Irish Facebook data centre ‘is not tax dodge’, says Mark Zuckerberg

Facebook founder Mark Zuckerberg has been defending his decision to build a new data centre in Ireland against claims the move is a tax dodge.

The social media mogul announced the start of construction of the €200m facility at Clonee on the Meath-Dublin border on his own Facebook page, quickly attracting 800 responses.

But among the congratulations from around the world and tongue-in-cheek job applications from this country, there were questions about why he wasn’t building it in the US, which led to debate about Ireland’s reputation as a tax haven.

Mr Zuckerberg replied that he already had four data centres in the US and he was locating at Clonee for technical reasons. “It’s helpful to also have data centers on other continents so they’re closer to the people we’re serving there. That makes our services faster for people around the world,” he wrote.

“Internet services connect at the speed of light. That is very fast, but if you live all the way around the world, it might mean introducing 0.1s or 0.2s of lag for every connection made.

“Since using our services often takes tens or hundreds of requests, putting data centers around the world adds up to a meaningfully better experience over time.”

The IDA backed Clonee centre will provide 2,000 jobs during construction and 150 when it opens late next year or in early 2018. Tánaiste Joan Burton was among the first to applaud the move. “Good news that Facebook to begin construction on data centre in Clonee, as we launch Dublin Action Plan for Jobs today,” she tweeted.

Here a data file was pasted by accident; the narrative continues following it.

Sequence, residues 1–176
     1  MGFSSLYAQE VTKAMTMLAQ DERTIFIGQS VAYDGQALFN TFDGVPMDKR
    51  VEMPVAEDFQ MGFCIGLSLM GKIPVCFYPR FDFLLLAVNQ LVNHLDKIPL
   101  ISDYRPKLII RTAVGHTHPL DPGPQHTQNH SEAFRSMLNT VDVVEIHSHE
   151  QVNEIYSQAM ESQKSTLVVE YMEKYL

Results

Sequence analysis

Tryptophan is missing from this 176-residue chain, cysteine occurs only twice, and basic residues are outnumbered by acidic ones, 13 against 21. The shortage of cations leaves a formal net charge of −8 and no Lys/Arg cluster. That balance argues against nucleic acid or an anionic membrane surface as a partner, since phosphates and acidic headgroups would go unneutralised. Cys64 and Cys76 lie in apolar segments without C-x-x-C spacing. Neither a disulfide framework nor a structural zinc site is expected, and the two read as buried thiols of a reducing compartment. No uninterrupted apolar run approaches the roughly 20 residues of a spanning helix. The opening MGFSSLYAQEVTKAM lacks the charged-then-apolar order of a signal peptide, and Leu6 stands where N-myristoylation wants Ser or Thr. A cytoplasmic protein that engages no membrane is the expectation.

Facebook has been criticised for exploiting low tax environments for its operations. Facebook Ireland paid just €3.4m in corporation tax last year despite the company’s revenues hitting almost €5bn.

But Mr Zuckerberg seemed to be taking the detractors with a pinch of salt yesterday as he enthused about the technology being used in the design at Clonee.

“One interesting engineering detail is that we’re cooling the facility with outdoor air, but because this is near the Irish Sea we’ll be using an indirect air cooling process to filter the salt from the air,” he said.


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